Mills v. State Sales, Inc., No. 2001-82-Appeal.

CourtRhode Island Supreme Court
Writing for the CourtPER CURIAM.
Citation824 A.2d 461
PartiesGeraldine MILLS, M.D. v. STATE SALES, INC., et al.
Decision Date10 June 2003
Docket NumberNo. 2001-82-Appeal.

824 A.2d 461

Geraldine MILLS, M.D.
v.
STATE SALES, INC., et al

No. 2001-82-Appeal.

Supreme Court of Rhode Island.

June 10, 2003.


824 A.2d 464
Geraldine Mills, pro se, Judith I. Scott, Warwick, Robert A. Scott, Westerly, for Plaintiff

Steven John Deluca, Providence, Kevin M. Daley, Warwick, Paul V. Reynolds, John W. Kershaw, John G. Hines, Carol Nicholson Glick, Providence, for Defendant.

Present: WILLIAMS, C.J., FLANDERS and GOLDBERG, JJ.

OPINION

PER CURIAM.

The plaintiff, Geraldine Mills, M.D. (plaintiff), appeals pro se from a summary judgment entered in favor of defendant, Robert F. Weisberg (Weisberg). She also appeals from a judgment as a matter of law entered in favor of State Sales, Incorporated (State Sales), Beaulieu of America, Incorporated (Beaulieu), and Gloria Nahabedian (Nahabedian) (collectively referred to as defendants).

This case came before the Supreme Court for oral argument on April 9, 2003,1 pursuant to an order directing the parties to appear and show cause why the issues raised in this appeal should not summarily be decided. After hearing the arguments of counsel and examining the memoranda filed by the parties, we are of the opinion that cause has not been shown and proceed to decide the appeal at this time. For the reasons set forth herein, we affirm the judgments of the Superior Court.

I

Facts and Travel

The plaintiff is a pediatrician who maintained her practice in an office that she rented from Nahabedian. In March 1996, a leak from an upstairs office damaged the carpeting in plaintiffs office. On July 16, Nahabedian replaced the carpet with one that was manufactured by Beaulieu and sold and installed by State Sales.

The plaintiff alleged that the replacement carpet emitted toxic fumes that caused her and her patients to become ill. She described her symptoms as dizziness, scratchy throat, vertigo, headache, and pressure in her ears. The plaintiff contacted defendants to inform them of the alleged problems with the carpet, but she says that they failed to correct the situation. As a result of the alleged noxious fumes and odors emanating from the carpet, plaintiff says she was forced to vacate the office on August 9, 1996. In vacating the office, plaintiff removed all her belongings,

824 A.2d 465
including her furniture and her patients' medical files. In a separate case, plaintiff filed suit against Nahabedian for constructive eviction

The plaintiff contacted the Department of Health (department) to express her concerns about the fumes emitted from the carpet. On August 14, 1996, the department sent Weisberg, an employee of Environmental Monitoring and Training, Incorporated, to plaintiff's vacant office. Weisberg conducted air quality testing and removed a section of the carpet for further testing. Weisberg's tests failed to reveal the presence of any toxic substances or fumes.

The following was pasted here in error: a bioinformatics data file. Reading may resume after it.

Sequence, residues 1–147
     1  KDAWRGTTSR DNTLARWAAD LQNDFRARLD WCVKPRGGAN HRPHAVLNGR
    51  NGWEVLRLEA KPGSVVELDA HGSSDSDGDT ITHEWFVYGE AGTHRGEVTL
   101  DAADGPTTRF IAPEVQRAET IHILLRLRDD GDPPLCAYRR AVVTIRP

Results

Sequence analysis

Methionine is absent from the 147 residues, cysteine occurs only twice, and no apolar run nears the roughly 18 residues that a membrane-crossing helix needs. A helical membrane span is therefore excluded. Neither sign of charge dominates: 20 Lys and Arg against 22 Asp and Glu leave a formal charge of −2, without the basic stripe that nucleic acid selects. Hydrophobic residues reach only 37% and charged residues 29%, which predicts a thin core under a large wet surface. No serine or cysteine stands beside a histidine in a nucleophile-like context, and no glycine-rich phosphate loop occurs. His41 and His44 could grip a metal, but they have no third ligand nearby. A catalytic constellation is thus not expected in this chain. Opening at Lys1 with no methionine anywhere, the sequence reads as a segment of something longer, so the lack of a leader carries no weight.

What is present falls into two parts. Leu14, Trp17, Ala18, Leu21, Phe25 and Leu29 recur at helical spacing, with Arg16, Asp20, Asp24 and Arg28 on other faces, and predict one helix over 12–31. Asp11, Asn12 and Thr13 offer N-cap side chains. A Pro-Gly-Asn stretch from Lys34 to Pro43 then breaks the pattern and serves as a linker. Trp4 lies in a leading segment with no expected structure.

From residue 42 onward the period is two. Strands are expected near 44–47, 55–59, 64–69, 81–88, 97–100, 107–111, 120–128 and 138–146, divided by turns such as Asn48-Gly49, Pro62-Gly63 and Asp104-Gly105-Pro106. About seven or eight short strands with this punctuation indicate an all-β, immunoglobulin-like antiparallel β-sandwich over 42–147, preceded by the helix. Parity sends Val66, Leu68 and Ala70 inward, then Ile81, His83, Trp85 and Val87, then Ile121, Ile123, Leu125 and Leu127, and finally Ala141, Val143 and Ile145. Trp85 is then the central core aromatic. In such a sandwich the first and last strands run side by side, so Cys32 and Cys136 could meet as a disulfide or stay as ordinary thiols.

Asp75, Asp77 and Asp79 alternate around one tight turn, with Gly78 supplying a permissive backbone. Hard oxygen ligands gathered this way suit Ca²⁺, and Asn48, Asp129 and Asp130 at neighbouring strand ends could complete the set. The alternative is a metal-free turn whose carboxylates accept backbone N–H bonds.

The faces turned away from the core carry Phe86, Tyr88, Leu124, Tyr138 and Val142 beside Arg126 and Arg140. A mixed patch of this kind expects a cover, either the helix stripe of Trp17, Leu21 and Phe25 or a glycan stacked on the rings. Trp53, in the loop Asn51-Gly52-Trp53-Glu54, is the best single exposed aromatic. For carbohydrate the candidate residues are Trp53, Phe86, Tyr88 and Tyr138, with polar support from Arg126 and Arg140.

The plaintiff says that on June 3, 1998, she learned that belongings she removed from her office may have been contaminated by the fumes allegedly emitted from the carpet. In July 1999, plaintiff filed the instant action against Weisberg and defendants, contending that the carpet was defective and/or chemicals were negligently applied to the carpet, thereby causing her personal injuries. Additionally, plaintiff argued that Weisberg's negligent testing of the office and the carpet led to her prolonged exposure to the alleged toxins. Specifically, she argued that if Weisberg had detected the toxins, she could have minimized her injuries by discarding the medical files she removed from the office, which she says absorbed the toxic fumes while they were in the office. On February 16, 2000, plaintiffs case against Nahabedian for constructive eviction was consolidated with her case against Weisberg and defendants.

In October 2000, Weisberg moved for summary judgment, pointing to an absence of any evidence that his alleged negligence proximately caused plaintiffs injuries. He further asserted that plaintiff presented no evidence of the nature of the toxic substance that allegedly harmed her and that he never was asked to test any of the materials that were taken from the office that plaintiff alleged contributed to her injuries. At the hearing, plaintiff said that she was diagnosed as having been exposed to toxic substances that were absorbed into her belongings from the carpet. However, she did not present any expert evidence to support her case. Because plaintiff did not present sufficient evidence of a causal relationship between her alleged injuries and Weisberg's alleged negligence, the hearing justice granted summary judgment in favor of Weisberg. That judgment was certified pursuant to Rule 54(b) of the Superior Court Rules of Civil Procedure. In December 2000, plaintiff filed her first appeal to this Court from the grant of summary judgment in favor of Weisberg. She continued to pursue her personal injury claims against the remaining defendants in Superior Court.